To my shame, environmentalists have always confused me. From my vantage point, there were better things to do, more noble ventures, like caring for people. It was cool that they planted trees and launched recycling campaigns and complained about diesel fuel, but me - I would tackle greater causes. Because caring for people with needs is much more honorable than caring for the ground that was cursed anyway, right? Yipes.
Then my brother started getting all weird and environmental on me. He bought energy saving light bulbs, insisted that I not use any of the plastic bags at Giant Eagle (and how was I to get a week’s worth of groceries home without them?), and bought locally grown produce. He only shopped at Goodwill, he spoke about fair trade, and he ate organic. And then my husband quickly followed suit, which really confused me. He so doesn’t meet the environmentalist stereotype! I couldn’t help but wonder what good their little global fight was doing anyway? It was bigger than them. Thank God my skepticism and defeatist mentality crumpled under truth and reason and justice. Here is what the guys taught me.
God’s creation pours forth speech. Its sheer beauty is unrivaled, unmatched, and awe inspiring. Consider the creativity in the giraffe, the currents of the Atlantic Ocean, the etchings of the Grand Canyon, the interdependence of a colony of honeybees; how every single humpback whale tale is a different piece of art, you name it. When God created, He resoundedly said that it was good, and it was good, and it was good, and…. Yeah, it was good. And then we humans introduced brokenness into the world. Not only did we ruin our relationship with our Maker, but we destroyed our relationships with our own flesh and blood and with the ground that we stand on. The world has been wounded ever since. Not so good.
When we watch the evening news, we hear about drought induced by climate change, children orphaned in Africa because of AIDs and the lack of clean water, and malaria epidemics compounded by deforestation. We hear the reports and we shut off the TV. We wonder how such a good God could allow this. But truth be told, we are allowing this. It is our consumerism and lack of concern for the environment that is hurting people. And it seems to strike hardest those whose voice is seldom heard: the poor, the children, and the elderly. While it is true that we may not listen to their cries because they are marginalized, we also don’t hear their cries because we’ve been shielded from the consequences of our environmental decisions.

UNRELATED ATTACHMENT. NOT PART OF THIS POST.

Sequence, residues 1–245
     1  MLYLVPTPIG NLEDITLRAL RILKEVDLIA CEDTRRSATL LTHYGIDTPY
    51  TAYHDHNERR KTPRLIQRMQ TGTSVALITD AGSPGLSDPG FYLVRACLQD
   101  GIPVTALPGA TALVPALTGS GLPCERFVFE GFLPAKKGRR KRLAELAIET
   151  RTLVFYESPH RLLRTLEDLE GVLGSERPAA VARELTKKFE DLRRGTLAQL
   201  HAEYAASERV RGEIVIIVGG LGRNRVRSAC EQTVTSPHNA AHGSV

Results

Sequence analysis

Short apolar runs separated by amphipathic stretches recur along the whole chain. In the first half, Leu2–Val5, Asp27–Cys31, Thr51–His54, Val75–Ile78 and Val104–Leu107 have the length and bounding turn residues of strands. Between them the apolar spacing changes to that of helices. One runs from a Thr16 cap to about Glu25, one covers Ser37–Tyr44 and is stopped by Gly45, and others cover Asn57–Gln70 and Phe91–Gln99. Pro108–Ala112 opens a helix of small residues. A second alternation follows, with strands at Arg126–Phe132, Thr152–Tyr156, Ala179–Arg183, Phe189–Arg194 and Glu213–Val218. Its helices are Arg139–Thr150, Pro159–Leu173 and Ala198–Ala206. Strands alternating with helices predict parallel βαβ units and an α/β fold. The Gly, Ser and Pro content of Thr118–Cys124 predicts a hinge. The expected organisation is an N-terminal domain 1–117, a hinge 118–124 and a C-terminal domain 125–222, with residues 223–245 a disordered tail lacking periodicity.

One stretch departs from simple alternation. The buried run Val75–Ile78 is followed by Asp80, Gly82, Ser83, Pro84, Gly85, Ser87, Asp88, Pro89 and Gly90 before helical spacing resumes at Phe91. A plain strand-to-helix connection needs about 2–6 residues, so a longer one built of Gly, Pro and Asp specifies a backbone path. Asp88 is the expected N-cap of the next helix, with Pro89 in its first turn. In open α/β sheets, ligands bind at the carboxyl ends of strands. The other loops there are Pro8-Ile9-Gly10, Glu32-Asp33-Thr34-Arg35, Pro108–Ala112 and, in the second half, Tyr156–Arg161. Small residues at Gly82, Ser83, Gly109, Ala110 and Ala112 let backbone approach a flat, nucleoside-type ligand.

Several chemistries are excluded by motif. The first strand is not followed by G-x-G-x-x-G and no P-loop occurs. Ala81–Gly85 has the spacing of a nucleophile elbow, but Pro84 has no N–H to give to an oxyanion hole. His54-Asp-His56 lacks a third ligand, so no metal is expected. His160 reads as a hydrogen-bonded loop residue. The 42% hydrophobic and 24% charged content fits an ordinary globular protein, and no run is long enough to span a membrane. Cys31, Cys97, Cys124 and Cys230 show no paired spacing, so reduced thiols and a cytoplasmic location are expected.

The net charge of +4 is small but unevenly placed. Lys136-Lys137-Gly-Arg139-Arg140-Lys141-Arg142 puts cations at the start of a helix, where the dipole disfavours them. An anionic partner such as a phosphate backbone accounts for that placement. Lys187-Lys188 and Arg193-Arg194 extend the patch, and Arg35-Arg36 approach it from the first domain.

In America, we’ve forgotten that the environment is our life-support system. When something goes out of whack, we pay for effects to be reversed. We pipe our water and purify it with all sorts of filtration systems. We buy fertilizers to fix soil degradation. We spend a ton more money on lobsta (okay, I do!), but we can still purchase those delectable little buggers because we’ve got the money to spare. We don’t often feel the effects of a wounded world because we’ve often got the bank accounts to buffet us.
The poor don’t have this luxury. They suffer due to scoffers like me. They die because of my neglect. The developed countries (20% of the world population) are consuming over 80% of the earth's natural resources, causing a disproportionate level of environmental damage and unfair distribution of wealth. But it doesn’t have to be this way.
Under all this doom and gloom, there is a pure and simple story of redemption. Christ came to restore us. And when Christ restores us, he heals our relationships with Himself and with our own flesh and blood. He makes all things new. He fixes what our hands have broken. He gives us new eyes to see wounds that need healed. He turns our ear to those whose cries have been silenced for far too long. He cultivates beauty in desolate places.
All that being said, green matters to me these days. I have a long, long, long ways to go yet, believe me. But, my mindset has changed. And that’s probably a good place to start. This is an honorable cause. Environmentalists aren’t nuts. And yes, one person can affect change. As followers of Christ, we have a responsibility to care for our relationships – with our Creator, our brother in Uganda, and the ground that we walk on together. And it is more than a responsibility. It is an honor to be a part of the hope that Christ offers, even if that hope looks a little more green than it used to.